An effective treatment, on and off the field!

Massage therapy is also an ideal approach for addressing many common physiological issues, such as oedema. Oedemas are defined as a palpable swelling caused by an increase in interstitial fluid volume and are a common inflammatory response to muscle damage[3]. It is believed that massage can reduce swelling by increasing circulation and promoting the movement of fluid[4].

It’s not just everyday issues that sports massage aims to address however, the physiological mechanisms associated with intense exercise also show improvement when massage therapy is applied. Appropriate sports massage can influence the production of biochemical substances such as increases in serotonin and decreases in plasma creatine kinase activity (plasma CK) – a muscle-specific protein which is often used as an indirect marker of exercise-induced skeletal muscle damage[5]. Zainuddin et al looked at the effects of massage on CK activity and found that CK peak value for the massage condition was 36% lower than that for the rest condition, therefore suggesting that massage may be a more suitable method for recovery from intense exercise.[6]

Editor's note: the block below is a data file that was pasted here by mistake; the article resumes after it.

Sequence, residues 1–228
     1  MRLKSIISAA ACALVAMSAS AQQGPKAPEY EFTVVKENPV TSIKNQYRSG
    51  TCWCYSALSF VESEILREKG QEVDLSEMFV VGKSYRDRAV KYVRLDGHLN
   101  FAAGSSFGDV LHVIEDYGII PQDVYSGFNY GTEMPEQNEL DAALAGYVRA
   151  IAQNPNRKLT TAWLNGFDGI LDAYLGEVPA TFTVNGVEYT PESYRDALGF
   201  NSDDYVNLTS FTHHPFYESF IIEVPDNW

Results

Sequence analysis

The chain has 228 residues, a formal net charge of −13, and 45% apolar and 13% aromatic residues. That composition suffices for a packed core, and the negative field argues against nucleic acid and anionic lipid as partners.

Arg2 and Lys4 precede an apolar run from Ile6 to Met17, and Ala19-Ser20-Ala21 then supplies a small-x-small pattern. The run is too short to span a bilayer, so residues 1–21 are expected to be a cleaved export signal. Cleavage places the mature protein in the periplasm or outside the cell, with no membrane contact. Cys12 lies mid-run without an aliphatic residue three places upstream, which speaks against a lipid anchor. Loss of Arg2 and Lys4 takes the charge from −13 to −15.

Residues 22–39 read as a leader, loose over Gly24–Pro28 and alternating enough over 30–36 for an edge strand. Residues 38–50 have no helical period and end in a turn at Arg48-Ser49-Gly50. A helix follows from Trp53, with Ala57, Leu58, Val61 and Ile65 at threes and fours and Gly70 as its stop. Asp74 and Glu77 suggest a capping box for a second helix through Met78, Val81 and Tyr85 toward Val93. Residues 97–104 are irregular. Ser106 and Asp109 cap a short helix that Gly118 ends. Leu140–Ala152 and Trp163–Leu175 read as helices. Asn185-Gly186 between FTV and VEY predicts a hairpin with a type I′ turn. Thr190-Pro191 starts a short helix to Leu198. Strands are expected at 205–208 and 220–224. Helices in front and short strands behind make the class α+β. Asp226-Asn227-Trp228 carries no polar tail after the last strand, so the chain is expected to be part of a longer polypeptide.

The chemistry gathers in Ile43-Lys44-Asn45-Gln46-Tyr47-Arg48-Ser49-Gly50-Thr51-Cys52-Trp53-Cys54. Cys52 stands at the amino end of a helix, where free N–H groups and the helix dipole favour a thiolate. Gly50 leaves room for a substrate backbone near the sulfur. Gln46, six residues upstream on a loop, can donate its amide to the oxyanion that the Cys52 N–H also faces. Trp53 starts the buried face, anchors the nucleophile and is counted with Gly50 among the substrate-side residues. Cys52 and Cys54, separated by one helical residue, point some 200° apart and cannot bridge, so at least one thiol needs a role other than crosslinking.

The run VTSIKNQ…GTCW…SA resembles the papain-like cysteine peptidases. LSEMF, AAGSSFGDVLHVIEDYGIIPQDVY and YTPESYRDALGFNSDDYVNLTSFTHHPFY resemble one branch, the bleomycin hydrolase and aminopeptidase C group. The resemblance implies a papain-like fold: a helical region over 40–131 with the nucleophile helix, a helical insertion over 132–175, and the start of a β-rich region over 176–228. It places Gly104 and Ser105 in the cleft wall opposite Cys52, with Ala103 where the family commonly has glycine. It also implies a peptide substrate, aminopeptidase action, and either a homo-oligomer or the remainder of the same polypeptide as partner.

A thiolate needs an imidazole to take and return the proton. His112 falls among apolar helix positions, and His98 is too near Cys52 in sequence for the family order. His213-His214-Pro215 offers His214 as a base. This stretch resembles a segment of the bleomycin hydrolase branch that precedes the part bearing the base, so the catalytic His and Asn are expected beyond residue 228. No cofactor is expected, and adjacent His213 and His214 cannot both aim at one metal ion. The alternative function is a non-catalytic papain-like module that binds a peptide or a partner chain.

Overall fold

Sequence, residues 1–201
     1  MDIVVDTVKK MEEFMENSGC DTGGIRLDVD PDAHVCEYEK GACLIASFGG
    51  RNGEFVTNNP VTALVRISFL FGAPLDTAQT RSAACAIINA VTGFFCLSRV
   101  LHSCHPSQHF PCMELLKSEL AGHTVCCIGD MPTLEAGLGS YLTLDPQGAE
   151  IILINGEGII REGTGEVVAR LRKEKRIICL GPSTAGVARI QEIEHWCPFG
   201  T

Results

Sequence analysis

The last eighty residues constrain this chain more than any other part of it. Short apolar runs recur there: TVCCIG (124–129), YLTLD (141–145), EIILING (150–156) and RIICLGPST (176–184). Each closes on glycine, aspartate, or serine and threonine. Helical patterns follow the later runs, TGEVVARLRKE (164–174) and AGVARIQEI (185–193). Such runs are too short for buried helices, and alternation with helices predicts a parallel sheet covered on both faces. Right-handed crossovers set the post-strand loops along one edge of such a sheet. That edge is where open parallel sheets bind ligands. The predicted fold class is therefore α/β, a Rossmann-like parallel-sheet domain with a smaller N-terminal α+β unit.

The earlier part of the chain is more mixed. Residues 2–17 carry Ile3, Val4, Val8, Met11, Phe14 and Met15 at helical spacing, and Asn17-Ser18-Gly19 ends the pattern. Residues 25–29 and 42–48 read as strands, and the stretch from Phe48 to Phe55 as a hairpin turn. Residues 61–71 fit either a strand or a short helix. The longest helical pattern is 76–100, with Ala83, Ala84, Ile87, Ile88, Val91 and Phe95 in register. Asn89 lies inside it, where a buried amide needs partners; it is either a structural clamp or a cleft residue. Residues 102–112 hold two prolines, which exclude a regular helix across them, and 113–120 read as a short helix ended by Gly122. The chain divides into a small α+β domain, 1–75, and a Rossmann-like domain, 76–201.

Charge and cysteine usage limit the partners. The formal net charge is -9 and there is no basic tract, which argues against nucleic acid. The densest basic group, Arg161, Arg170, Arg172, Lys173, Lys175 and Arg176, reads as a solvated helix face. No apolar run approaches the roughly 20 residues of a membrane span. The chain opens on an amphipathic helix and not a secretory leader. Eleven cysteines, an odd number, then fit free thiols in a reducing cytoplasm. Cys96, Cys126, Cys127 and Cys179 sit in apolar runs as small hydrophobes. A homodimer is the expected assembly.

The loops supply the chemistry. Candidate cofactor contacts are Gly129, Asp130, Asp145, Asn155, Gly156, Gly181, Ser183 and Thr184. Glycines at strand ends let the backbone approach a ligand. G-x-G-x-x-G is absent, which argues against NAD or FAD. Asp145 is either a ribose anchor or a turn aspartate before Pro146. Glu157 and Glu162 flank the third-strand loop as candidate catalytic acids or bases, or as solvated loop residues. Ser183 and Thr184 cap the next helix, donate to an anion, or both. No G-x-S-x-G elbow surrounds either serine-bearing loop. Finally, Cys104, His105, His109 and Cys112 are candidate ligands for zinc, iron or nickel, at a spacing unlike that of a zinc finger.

A versatile treatment

This brief article just scratches the surface of the ways in which massage can be applied as a stand alone treatment, and as a compliment to chiropractic care. To learn more, why not check out our massage page, or book and appointment to try out our newly renovated massage rooms!



[1] Paine. T. (2015). The complete guide to sports massage. Bloomsbury Publishing. Third edition. pp.10